But for reasons of hygiene, a lot of folks outfit their attachments, non-electric seats, and handheld sprayers with water filters which lower the water pressure significantly, because the bidet can no longer take full advantage of the home’s water pressure

If you want to use a filter, I’d go with an electric seat. Tap water is supposed to be clean, but it depends on the quality of the water treatment in a given location. If you live in an area where the drinking water is questionable, look into getting an electric seat with a filter. 

Using clean water is especially important for certain populations like women and older adults.

Ensure the Right Pressure Setting Is Selected 

Make sure the water pressure setting isn’t set to a low level. Using the wrong setting is more common with electric bidets because their remote controls and side panels are usually more complicated.  

Some bidets, even luxury seats, have pretty simple remotes and panels, but I’ve seen some that look like something out of a flight simulator. 

Most electric bidets have 3-5 pressure settings to choose one. I find a setting you like, most bidets allow for user presets which are pre-saved settings for temperature, wand position, and pressure. 

Ensure the Bidet Isn’t on the Wrong Setting

For example, some TOTO seats have a “rear soft cleansing mode” that provides a soft “embracing” water flow.  


Soft mode is pretty common and it can easily be selected on accident. 

Some bidets have soft spray modes that aren’t labeled as such. For example, some Brondell models have a sitz bath mode, that sprays warm low-pressure water for a longer period of time.

That’s just an example, and soft spray modes go by many labels so make sure you’re familiar with all of the modes on your bidet.

Use a Narrower Spray Width 

First, make sure the wide spray mode isn’t selected. 

A wide spray width is a common culprit of low bidet pressure. Sometimes the user unknowingly selects the wide spray mode or chooses it without considering its effect on water pressure. 

Using a wider spray has some advantages. For example, you get wider coverage, a massage-like effect, and there’s less reliance on strength and coordination for body positioning, which is great for those with limited mobility. 

But wide cleaning modes provide less precision and a weaker spray that may not be as targeted and effective. 

Also, check to see if any narrower spray settings exist for your bidet. They often go by different names like “vortex mode”. Some bidets offer a vortex water stream that’s stronger and narrower to penetrate the sphincters to relieve constipation. 

That’s just one example. I’m sure there are other spray modes that use an extra-narrow stream. 

Check for Additional Spray Modes 

Maybe the default spray pattern on your bidet just isn’t cutting it for you, but that other spray modes are available. This would be great because it would mean that you don’t need a different bidet.  

Some electric bidets offer an extra-strong spray setting that’s meant for deep and thorough cleaning sessions. Some settings might be stronger even if they’re not labeled as such and if you find one that’s comfortable, you can use it by default (i.e., you don’t have to use it for whatever niche purpose it was meant for).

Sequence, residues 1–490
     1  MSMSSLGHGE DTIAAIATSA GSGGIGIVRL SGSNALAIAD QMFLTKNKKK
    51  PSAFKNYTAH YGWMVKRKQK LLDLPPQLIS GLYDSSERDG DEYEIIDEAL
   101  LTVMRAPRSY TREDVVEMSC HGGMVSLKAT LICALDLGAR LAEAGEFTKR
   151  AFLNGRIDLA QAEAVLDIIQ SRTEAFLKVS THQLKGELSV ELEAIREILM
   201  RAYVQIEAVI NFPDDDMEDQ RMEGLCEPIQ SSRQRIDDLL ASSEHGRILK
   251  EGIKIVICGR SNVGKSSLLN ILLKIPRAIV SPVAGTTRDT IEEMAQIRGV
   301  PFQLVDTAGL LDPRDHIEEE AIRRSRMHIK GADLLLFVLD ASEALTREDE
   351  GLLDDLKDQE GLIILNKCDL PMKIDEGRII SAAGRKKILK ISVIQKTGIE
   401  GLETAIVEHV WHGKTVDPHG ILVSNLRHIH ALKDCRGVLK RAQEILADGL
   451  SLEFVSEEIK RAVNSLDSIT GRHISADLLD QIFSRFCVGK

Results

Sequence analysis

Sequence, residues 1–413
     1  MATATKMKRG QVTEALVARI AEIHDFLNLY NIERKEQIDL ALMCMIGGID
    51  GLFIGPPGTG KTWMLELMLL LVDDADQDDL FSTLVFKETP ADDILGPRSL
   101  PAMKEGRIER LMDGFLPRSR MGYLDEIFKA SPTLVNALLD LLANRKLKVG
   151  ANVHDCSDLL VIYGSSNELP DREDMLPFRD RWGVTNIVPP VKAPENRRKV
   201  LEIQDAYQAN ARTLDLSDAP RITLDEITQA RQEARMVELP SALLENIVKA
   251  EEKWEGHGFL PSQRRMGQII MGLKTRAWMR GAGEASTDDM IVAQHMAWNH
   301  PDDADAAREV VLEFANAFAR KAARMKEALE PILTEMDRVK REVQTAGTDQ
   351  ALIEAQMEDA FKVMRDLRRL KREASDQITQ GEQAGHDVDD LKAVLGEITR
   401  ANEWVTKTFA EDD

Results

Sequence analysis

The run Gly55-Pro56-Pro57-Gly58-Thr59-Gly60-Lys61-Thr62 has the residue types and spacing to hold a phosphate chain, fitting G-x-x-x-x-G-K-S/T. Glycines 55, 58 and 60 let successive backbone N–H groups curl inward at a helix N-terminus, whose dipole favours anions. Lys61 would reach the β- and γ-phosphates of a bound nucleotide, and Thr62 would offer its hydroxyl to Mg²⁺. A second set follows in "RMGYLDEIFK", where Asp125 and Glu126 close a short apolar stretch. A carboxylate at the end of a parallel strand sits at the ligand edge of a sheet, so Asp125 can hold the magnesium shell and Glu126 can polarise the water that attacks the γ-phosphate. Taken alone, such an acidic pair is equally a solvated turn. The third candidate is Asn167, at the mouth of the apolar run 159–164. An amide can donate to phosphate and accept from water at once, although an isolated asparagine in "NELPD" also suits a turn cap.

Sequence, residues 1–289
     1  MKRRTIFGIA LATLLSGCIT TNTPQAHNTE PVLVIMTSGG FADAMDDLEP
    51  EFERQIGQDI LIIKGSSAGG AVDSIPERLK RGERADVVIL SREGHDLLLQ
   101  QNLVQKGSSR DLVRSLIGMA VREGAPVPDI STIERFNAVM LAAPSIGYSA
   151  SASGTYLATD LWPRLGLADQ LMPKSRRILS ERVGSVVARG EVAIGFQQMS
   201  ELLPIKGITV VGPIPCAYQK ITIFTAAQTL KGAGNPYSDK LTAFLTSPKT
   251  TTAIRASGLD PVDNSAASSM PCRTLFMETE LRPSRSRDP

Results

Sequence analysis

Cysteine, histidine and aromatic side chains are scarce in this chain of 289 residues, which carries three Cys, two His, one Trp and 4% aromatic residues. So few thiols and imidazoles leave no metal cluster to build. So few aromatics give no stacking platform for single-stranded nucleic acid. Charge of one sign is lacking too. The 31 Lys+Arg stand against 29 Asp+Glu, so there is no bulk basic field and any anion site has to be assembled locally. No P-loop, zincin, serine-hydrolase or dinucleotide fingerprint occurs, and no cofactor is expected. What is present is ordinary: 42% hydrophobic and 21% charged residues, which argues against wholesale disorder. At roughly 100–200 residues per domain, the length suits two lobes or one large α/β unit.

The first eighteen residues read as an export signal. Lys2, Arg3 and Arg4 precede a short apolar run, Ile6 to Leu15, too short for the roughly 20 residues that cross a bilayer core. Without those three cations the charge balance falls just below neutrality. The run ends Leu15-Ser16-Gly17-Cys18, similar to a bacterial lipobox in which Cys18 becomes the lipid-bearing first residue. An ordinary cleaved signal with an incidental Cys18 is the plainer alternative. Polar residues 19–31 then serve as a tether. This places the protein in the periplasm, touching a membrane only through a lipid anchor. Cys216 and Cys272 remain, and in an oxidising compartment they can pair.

See If the Spray Head Needs Adjusting (Handheld Sprayers)  

If you have an adjustable handheld sprayer like the Brondell CleanSpa CS-30, it may have wider/softer settings available. 

Most handheld bidets aren’t adjustable, so this probably isn’t the issue, but I want to cover all of the bases. 

With adjustable sprayers, you can narrow the spray width which will raise the water pressure, making it stronger and more concentrated. 

Check Your Bidet’s Output Pressure 

If the above solutions don’t apply, it’s time to start investigating your bidet. If the pressure is too low, the first thing you need to do is determine whether if it’s an issue with the bidet itself, or if you’d be better suited with a different type of bidet. 

First, I’d check the water pressure specs for your current bidet if available. 

In the manual, it’ll look something like this:

Not to be confused with “supply pressure”.

Keep these tips in mind. 

  • Check the owner’s manual and manufacturer’s website. Info on water pressure isn’t always available. Owner’s manuals list most of the info related to the features offered by a specific bidet, but the output water pressure is often left out.  
  • Ignore the “supply pressure” specs. See second image just above. Most bidet manuals and spec sheets list the water supply pressure. It refers to the pressure needs of the water going into the bidet, not the pressure of the water coming out of the wand. The specs for the supply pressure usually range between 10 and 100 PSI.  
  • Ask the manufacturer if you have to. If you can’t find it in the manual, contact the manufacturer with the model number of your bidet to see what the output pressure is. 
  • Check user reviews. Check out the user reviews and search for “water pressure” to see if there are any complaints. Sometimes the pressure varies greatly between models put out by the same brand. For example, Alpha bidets have seats that are known for both high and low pressure. 

Consider a Non-Electric Bidet 

One of the most common causes of low bidet pressure occurs when the bidet is working as intended: the user is underwhelmed by the pressure offered by the bidet.  

When researching, you may have found that your model seems to be average for bidets of its kind (pressure-wise) and that complaints of low pressure are uncommon. If that’s the case, you may need to try a non-electric bidet. 

Electric bidets have the most features, but they provide a lower water pressure than their non-electric cousins. The pressure put out by electric seats is usually sufficient, but some folks prefer the extra-strong stream characteristic of handheld sprayers, non-electric seats, and bidet attachments.